In the right hands a camera slider can produce some stunning video shots but for some reason the prices just seem outlandish if you ask me! Being something that I had wanted for a long time, the prices (starting around $400) just seemed to keep the camera slider out of my arsenal of tools when it came to shooting video. I know they are simple and yes there are plenty of decent designs for a DIY Camera Slider out there, but I hadn’t seen one that was lasercut. After giving it a bit of thought, I considered using 8mm machined rod and linear bearings as the basis for my design. After a couple of ours in 3D design mode and a trip to visit a friend to pick up supplies I was ready to start cutting some prototype parts. This is a bit of a build log for my DIY Lasercut Camera Slider.
Download the laser cutting files here. 30 inch DIY Lasercut Camera Slider (PDF – 80 KB)
What You Will Need To Build a DIY Lasercut Camera Slider
2 @ 20″ x 12″ x 1/8″ Hard Board (aprx $1.50)
1 @ 1/4″ x 20 x 3/4″ Standard Bolt (from any hardware store) (aprx $0.15)
2 @ 30″ x 8mm Machined Stainless Steel Rod (aprx $40)
4 @ LM8UU Linear Bearings (aprx $10)
1 @ Basic Tripod Head (aprx $5)
Wood Glue Full Spectrum 45w Hobby Laser Cutter (any laser cutter or CNC will work)
* If you don’t own a laser cutter, you might actually be surprised how accessible they actually are. Search the internet for “hacker space”, “sign shop”, and even some libraries are now starting to own them.
1) Cut out laser cut parts
2) Assemble using glue
It really should only take about 30 minutes to put this all together and you can save around $350 and probably more if you buy the cheap Chinese stuff!
I quickly realized that it’s not quite as sturdy as I had expected. The wooden base is OK but will bow if there is anything under it in the center which causes the cart to catch on the bottom. I could easily overcome this with a slightly different base design but I also found that the 8mm smooth rod was not strong enough to support the weight of a DSLR camera with a decent sized lens on it. the rods had too much flex. I believe that I could overcome this with thicker rods and bearings or simply shortening the length. After experimenting a little I think something along the lines of 12 inches might work fine for the kinds of shots I am looking for any ways.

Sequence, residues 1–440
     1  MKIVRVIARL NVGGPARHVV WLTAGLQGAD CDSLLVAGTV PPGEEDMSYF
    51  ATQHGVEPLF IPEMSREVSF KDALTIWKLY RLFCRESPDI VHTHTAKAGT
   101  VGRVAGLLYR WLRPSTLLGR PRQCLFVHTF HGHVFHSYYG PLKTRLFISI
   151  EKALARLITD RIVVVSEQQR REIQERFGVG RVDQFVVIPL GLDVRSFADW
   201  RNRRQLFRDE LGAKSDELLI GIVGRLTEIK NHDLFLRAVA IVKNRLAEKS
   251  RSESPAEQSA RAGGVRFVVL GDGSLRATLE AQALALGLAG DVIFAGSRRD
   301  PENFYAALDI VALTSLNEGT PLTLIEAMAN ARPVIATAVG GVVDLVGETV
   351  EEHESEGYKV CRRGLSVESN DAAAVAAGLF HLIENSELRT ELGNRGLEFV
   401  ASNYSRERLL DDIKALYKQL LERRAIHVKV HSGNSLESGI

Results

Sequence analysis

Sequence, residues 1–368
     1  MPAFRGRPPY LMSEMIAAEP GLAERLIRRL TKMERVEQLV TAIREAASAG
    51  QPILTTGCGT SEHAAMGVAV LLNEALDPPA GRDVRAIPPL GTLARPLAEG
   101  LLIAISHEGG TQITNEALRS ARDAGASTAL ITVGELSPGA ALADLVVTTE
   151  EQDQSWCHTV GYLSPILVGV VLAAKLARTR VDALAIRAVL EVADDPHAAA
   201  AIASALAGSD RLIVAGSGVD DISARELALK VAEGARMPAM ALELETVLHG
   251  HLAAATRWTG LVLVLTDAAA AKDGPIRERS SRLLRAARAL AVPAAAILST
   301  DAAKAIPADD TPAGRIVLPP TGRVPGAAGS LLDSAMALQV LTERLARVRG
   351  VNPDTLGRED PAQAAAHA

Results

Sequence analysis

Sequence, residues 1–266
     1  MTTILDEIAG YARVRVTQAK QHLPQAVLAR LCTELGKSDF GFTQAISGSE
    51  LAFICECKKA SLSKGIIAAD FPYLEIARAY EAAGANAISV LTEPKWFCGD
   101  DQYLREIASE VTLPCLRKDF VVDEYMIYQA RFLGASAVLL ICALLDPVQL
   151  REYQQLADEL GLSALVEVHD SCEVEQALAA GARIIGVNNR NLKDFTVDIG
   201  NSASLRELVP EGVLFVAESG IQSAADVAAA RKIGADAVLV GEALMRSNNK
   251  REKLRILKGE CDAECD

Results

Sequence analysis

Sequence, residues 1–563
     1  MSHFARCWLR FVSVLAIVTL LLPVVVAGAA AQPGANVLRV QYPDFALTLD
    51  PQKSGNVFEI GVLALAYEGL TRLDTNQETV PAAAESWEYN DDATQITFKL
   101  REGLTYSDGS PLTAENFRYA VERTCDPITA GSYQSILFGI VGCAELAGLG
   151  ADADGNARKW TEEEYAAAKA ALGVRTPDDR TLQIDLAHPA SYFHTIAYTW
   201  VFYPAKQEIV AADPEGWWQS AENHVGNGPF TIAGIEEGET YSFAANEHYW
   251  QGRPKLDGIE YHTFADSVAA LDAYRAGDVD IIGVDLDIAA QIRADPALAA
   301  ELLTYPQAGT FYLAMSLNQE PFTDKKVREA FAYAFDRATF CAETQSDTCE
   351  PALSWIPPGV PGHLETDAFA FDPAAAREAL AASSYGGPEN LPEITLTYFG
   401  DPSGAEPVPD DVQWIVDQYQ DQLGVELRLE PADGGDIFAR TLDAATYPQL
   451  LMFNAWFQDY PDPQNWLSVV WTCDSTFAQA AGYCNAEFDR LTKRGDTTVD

One of the things I found interesting when playing with this DIY camera slider with a simple video camera attached was the limited amount of travel which is required to begin getting that interesting dolly shot especially if the shot was a macro or table shot. Strategically placing an object in the foreground helps exaggerate the motion.
Getting a consistent speed wasn’t too bad at mid to fast panning however getting a very slow pan for a macro shot was a bit difficult. At first I thought that it would be simple to make a motion controlled slider and it would probably only need one speed. Boy was I wrong, if I add a stepper I will definitely make sure I use some method to control the speed!
Next steps are to shorten the length, add some motorized control using a stepper motor, GT2 Belts / Gear, Arduino controller and a battery pack.